This dispersion and decentralization of initiative is, in fact, the one way to counter the expansion of cortisol. One massive force racing another to the finish line (collapse).
For the world’s sake, the resilience buckshots better win, allowing us to keep pushing that finish line farther and farther into the future, until it disappears and we’re able to manage whatever the climate throws at us.
“When you work at the community scale, you can work so much faster than when you’re waiting for the cavalry to come riding to the rescue,” Hopkins said.
Transition communities, in that sense, have become the world’s primary laboratories of high-speed local action. The examples and case studies, and the inspiring stories produced for the rest of the world to learn and follow, have become the richest of menus.
“I’ve come to see the Transition movement as being more a network of storytelling, a vibrant catalyst for bringing people together to build a new…” — he said a new “economy,” when really, they’re building nothing less than a new model of sustainable, resilient development.
The stories, he says, “tell a delicious narrative about the future we can still create. A lot of what we have done in Transition is to paint that picture,” a counter to the bad-news picture that fills our brains with that hormone of lost productivity.
That, in turn, multiplies buckshots even more, which explains how Transition has mushroomed to 2,500 locations in only 12 years.
Creative envisioning is but one of eight principles at the heart of Transition. After much trial and error, Hopkins says, several common traits have emerged that make this a highly replicable model, most importantly, perhaps, “an appropriate degree of localization” and a high degree of community ownership. Hopkins himself launched a craft brewery and is now in the process of transferring ownership to a pool of community residents.
In The Interview, he cites numerous examples of locations that have transitioned from the typical model of corporate ownership, mostly companies outside the city, to one where most economic activity is generated by small local companies, collectives and cooperatives — called the REconomy in the Transition movement.
The autonomy is one of the traits that will make these communities more resilient when climate change disrupts distant supply chains, particularly of food and critical goods.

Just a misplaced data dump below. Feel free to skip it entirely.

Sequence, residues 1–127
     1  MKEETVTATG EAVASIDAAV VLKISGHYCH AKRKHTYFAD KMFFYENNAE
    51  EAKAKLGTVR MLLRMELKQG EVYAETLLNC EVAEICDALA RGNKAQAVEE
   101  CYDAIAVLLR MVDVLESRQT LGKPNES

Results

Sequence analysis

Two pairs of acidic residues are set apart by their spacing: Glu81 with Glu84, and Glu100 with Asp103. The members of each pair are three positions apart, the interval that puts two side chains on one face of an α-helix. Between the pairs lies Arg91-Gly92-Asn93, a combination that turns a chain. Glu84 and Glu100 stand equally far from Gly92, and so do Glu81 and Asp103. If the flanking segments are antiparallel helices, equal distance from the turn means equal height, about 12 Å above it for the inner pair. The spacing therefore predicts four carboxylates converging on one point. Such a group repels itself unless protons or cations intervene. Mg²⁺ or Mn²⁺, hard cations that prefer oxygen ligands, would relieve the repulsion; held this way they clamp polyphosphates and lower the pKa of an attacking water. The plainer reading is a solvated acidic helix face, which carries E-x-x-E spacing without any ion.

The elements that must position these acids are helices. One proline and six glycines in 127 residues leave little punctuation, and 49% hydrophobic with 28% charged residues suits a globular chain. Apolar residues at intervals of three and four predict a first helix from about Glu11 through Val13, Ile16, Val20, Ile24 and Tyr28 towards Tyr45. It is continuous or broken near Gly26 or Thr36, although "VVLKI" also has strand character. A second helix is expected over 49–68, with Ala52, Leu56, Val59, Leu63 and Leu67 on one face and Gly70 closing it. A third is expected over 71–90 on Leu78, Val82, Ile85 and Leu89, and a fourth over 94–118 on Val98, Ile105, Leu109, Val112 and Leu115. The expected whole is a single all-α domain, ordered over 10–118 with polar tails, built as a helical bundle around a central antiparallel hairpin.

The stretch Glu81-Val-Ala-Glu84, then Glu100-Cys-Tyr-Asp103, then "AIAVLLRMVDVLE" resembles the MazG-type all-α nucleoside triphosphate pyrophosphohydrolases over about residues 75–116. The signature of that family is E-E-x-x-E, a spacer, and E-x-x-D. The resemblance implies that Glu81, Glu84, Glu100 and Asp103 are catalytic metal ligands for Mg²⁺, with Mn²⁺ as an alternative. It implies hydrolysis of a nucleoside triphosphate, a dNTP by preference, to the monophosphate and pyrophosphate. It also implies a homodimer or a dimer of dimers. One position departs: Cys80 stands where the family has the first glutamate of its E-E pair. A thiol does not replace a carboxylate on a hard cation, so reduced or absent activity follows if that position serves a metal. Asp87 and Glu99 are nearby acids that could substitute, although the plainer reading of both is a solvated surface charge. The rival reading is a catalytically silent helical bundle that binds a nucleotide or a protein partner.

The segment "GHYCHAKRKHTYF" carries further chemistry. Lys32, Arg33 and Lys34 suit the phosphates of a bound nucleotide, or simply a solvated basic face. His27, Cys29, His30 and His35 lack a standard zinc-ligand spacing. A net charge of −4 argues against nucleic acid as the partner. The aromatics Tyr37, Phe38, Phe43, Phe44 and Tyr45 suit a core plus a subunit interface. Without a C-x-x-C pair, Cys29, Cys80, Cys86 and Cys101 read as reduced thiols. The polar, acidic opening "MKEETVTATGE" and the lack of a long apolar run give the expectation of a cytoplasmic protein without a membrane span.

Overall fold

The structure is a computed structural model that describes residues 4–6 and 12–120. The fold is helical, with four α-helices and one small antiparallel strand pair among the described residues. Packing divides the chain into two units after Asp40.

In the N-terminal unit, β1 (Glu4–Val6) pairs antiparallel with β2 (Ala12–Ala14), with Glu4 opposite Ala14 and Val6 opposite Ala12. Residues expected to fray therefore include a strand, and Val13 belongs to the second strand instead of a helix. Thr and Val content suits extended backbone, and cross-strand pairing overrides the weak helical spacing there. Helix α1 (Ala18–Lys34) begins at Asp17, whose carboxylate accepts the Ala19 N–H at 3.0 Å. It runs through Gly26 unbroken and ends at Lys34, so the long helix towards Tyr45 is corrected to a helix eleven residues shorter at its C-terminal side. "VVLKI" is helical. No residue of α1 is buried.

Nimble, decentralized, community-based leadership, meanwhile, reduces a region’s vulnerability to cascading dependencies and forces from outside.
Ditto with energy. Distributed rooftop and microgrid generation favored by Transition members ensures supply when natural disasters down conventional power lines and plants.
But while these characteristics enhance resilience, they don’t exist in a vacuum. “We’ve never said that all you need is Transition,” Hopkins said. “That would be ridiculous.”
The model, that is, includes a healthy relationship with governments and other stakeholders.
“Enlightened local government leadership is one of the new areas of exploration in Transition,” everything from incentives for those REconomy businesses to coordinated disaster response.
“As we say in Transition, if I try to do it myself, it will be too little. If we wait for the government, it will be too late. If we get together with the people around us, it might be enough, and it might be on time.”
Hopkins knows Transition is not a good fit for every location. It requires abundant social capital, a certain boldness and disposition to experiment, and naturally, the geographic conditions that shield a community from as many climate impacts as possible.
When sea levels, for example, rise to permanently flood a coastal region, even the most committed Transition community will have to retreat.
“There are some places where people [won’t] be able to stay, places becoming uninhabitable,” he said.
At “just” 2,500 and considering the colossal number of communities in cities around the world where this can, indeed, work, Transition is just getting started — if only it moves fast enough to outlast that paralyzing invader of the hippocampus.
We leave you now with Rob Hopkins in his own words, speaking from his home in Totnes, UK.